When teaching, I encourage students to engage in the same practices. Through periods of sitting and connecting through the same entrance points I have taught my students to connect with their own meridian pathways. It is always rewarding to see the face of a student who, for the first time, feels their own energy body; especially if this is a student who has already worked on a purely theoretical level with the meridian pathways up until this point.

There are numerous benefits to experiencing your own meridian pathways. For those interested in improving their own health it is possible to change the very ‘energetic blueprints’ of your own body-system. Great insight into how your body functions and what causes it to move out of balance can be had from exploring the flows of Qi through your own body.

For Qi Gong or Nei Gong practitioners it is very important to feel your own meridian pathways once you wish to move beyond the earliest stages of development. Trying to work with your own Qi without being able to feel where it is flowing is like trying to find your way through the darkness without a light. I believe that many of the problems people have caused themselves through incorrect Qi Gong training could have been avoided if people had taken the time to learn to feel their own Qi flow before going too deep into their training. Any health problems from incorrect training can clearly be felt developing within the energy body long before they manifest as a physical or psychological imbalance. I was taught that students of the Daoist tradition would originally have spent much time studying the energy body before they moved past even the most preliminary of breathing exercises; these studies would have focused largely on experiential feeling of the meridian pathways supported by theoretical teachings and charts.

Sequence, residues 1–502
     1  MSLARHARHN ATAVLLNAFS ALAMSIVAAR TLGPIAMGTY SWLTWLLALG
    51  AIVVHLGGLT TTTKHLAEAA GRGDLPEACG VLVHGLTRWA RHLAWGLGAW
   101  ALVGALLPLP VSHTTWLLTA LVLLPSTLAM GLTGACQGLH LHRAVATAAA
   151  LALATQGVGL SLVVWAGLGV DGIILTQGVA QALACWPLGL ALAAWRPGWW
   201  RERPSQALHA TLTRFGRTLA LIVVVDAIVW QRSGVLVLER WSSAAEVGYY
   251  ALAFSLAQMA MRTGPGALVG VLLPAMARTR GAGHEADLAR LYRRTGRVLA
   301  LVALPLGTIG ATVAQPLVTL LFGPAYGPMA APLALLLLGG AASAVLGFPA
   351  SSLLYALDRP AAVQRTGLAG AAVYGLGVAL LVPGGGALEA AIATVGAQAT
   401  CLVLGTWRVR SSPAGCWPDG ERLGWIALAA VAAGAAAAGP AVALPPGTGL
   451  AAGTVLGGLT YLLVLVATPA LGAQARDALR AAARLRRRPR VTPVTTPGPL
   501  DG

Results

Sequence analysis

Perhaps some of the greatest benefits of connecting with your own meridian system can be had by those practicing Chinese medicine modalities such as Shiatsu, Tui Na or acupuncture. Is it possible to accurately treat somebody’s energetic imbalance if you have not experienced this Qi flow for yourself? It is possible to learn every function of every point in the body by memorising lists and developing a theoretical understanding but this should be secondary to actually experiencing what happens when the individual points are stimulated. It is my opinion that experiential understanding of the meridian points and pathways needs to be an integral part of any sincere Chinese medicine practitioners training.